Following the footprints of Palaeolithic pioneers at Dülük

Dülük is one of the most important open air Palaeolithic sites in Turkey. Muine Atasayan discovered it in 1938. She visited Dülük village and Roman tombs near it in 14th February 1938 with students from archaeology and anthropology departments from Ankara University. At that day, she discovered the first Palaeolithic tools in the area.

There is no information about how she first came here, but the old Dülük train station has a special place in my imagination. I’ve always imagined her looking from a train window and seeing the big cave, Şarklı Mağara, on the western hill of Keber Tepe. We’ll never know if she came here by train or by other means of transportation.

Figure 1: The old Dülük train station.

The discovery of Dülük was one of the earliest Palaeolithic discoveries in Turkey made in the founding times for palaeoanthropology and prehistoric archaeology in the country. After 1938 many important researchers in prehistory and palaeoanthropology somehow visited or worked here at Dülük. If we try to list the researchers who worked at Dülük and who published material from here might well show the importance of Dülük for prehistory in Turkey:  

Helmuth Theodor Bossert, Halet Çambel, İsmail Kılıç Kökten, Enver Yaşar Bostancı, Refakat Çiner, Jean Perrot, Angela Minzoni-Déroche, Işın Yalçınkaya, and Mehmet Özdoğan…

Figure 2: Drawing of a flake from the first publication about Dülük by Muine Atasayan in Türk Antropoloji Mecmuası, Number: 19-22 September 1939.

Almost every prehistorian visited Dülük, however these researchers left many unsolved questions to us like how old are these tools, what was the climate and environment like here during the Palaeolithic… Many of these researchers were specialized in stone tools, and they collected many tools from here, but it is interesting that one of the most important questions about Dülük is still about the stone tool technology, since early researchers only collected hand-axes and typologically beautiful artefacts rather than focusing on the understanding of the lithic technologies.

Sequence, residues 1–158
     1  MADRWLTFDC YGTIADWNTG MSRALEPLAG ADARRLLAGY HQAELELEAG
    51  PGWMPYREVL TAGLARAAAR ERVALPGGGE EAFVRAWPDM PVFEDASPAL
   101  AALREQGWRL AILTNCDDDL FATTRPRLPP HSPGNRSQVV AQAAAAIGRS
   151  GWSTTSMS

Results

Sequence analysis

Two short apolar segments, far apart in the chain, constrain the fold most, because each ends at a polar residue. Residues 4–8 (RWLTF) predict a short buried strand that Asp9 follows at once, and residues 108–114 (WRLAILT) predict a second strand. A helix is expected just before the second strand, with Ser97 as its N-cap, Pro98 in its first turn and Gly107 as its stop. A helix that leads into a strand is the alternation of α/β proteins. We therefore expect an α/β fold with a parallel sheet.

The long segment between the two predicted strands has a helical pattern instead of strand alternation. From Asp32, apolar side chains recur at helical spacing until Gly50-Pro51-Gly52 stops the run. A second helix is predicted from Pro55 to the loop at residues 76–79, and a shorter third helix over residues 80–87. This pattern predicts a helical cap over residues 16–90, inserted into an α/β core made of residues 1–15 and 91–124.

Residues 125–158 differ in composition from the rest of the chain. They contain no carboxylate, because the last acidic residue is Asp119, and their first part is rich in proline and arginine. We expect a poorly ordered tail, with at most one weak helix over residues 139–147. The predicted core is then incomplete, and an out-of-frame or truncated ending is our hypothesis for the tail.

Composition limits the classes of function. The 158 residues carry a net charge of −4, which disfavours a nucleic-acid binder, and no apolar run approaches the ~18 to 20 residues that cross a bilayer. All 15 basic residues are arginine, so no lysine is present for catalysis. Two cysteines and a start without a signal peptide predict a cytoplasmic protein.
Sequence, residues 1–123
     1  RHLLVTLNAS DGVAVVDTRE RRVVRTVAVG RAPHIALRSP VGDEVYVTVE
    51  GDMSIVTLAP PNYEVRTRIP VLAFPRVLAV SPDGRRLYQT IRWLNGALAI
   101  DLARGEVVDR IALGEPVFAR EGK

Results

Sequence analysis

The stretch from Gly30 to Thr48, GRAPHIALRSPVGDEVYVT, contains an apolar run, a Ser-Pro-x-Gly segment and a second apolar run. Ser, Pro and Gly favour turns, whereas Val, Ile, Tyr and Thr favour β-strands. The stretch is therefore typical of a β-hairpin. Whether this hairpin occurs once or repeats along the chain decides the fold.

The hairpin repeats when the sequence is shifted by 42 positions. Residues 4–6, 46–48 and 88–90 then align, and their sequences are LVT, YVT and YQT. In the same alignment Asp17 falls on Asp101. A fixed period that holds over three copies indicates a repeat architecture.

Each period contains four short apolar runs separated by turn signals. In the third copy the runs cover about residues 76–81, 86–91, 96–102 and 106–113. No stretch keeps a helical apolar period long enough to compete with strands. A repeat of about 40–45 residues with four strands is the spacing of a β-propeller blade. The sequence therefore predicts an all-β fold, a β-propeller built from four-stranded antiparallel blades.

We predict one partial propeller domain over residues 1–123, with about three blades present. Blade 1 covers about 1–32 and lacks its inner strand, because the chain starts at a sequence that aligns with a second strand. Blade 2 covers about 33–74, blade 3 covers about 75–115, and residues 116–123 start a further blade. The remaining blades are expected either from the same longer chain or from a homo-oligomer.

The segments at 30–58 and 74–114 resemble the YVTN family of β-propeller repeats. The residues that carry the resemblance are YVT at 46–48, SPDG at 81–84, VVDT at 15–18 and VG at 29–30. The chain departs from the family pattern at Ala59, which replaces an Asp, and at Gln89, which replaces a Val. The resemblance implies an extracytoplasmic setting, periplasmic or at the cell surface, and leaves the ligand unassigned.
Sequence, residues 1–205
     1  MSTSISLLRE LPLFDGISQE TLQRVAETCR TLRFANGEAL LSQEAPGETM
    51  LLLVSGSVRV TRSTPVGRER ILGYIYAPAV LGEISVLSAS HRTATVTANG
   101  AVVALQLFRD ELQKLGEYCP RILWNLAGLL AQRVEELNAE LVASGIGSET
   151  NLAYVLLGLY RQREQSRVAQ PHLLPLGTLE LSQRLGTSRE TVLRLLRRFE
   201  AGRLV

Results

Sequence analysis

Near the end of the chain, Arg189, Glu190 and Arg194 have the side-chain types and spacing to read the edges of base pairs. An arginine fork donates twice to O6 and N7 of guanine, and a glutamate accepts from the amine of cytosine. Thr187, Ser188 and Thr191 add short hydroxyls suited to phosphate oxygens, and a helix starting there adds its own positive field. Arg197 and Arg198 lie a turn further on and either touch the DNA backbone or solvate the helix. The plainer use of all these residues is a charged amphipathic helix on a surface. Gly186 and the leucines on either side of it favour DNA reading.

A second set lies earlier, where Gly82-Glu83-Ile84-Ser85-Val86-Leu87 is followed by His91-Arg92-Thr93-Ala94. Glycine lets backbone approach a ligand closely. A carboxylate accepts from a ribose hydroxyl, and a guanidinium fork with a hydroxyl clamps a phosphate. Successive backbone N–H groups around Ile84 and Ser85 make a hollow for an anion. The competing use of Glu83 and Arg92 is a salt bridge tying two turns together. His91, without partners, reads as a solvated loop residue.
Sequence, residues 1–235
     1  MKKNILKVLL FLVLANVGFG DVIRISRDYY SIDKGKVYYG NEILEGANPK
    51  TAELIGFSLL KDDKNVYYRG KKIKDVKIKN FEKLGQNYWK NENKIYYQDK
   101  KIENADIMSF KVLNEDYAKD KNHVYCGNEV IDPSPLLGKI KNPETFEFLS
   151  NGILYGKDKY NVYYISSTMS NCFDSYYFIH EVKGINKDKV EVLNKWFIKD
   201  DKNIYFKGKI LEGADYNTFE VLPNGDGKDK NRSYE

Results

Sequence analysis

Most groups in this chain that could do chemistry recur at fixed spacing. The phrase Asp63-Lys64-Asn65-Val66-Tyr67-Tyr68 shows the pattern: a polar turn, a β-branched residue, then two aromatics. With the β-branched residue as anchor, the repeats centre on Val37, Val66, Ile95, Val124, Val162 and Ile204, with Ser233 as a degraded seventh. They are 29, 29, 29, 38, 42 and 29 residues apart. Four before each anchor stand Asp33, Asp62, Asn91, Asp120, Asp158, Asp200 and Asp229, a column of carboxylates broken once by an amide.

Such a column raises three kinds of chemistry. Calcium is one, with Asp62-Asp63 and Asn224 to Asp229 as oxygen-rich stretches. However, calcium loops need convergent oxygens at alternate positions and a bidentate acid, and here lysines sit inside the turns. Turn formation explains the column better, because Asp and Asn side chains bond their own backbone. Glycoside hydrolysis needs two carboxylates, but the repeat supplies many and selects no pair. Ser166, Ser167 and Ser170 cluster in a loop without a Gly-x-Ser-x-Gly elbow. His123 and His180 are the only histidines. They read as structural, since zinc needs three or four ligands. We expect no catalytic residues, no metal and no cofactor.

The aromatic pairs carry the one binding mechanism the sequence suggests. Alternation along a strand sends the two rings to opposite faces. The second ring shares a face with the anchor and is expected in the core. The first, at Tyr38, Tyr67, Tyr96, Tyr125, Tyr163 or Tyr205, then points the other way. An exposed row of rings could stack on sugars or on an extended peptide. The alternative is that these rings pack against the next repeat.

In 1947 Kılıç Kökten wrote: “We have classified the tools that are quite plenty and become heavy in a room where we are guests in the village. The axes are larger and more typical than any stone axes we have ever had.”

In 1962 Enver Bostancı wrote: “Dülük village became famous with its Lower Palaeolithic tools. Researchers who stop by here could always find new tools.

Figure 3: A Levallois point core among other artefacts and natural stones at Dülük.

In 1988, Angela Minzoni-Déroche wrote “the surface collecting was never done systematically, nor are there any maps showing the places where the collection was done; as a result, the collection of Lower Palaeolithic tools was apparently limited to hand axes, neglecting other tools.

Indeed, all researchers were right about what they said: Dülük artefacts are very typical, we still find thousands of them on the hills of the village and no systematical work was done here despite many researchers have worked here between 1938 and 2004.

Figure 4: Survey in 2021, working on observation points with 25 meters intervals.

In 2009, I visited Dülük for the first time. There was no house on top of Boynuzlukaya and the dirt road was not reaching to Cimşit Tepe at that time. Within the last decade these have changed, now factories and roads surround Dülük. In 2019 after almost 30 years of silence we restarted the Palaeolithic research at Dülük. Our aim is to systematically research this very important Palaeolithic site, define the lithic technology better, understand the hominin behaviours, and more importantly date the Palaeolithic occupations here. We know that we are stepping on the footprints of Turkish palaeoanthropology pioneers.

Written by: Ass. Prof. Dr. Berkay Dinçer, Istanbul University, Department of Anthropology

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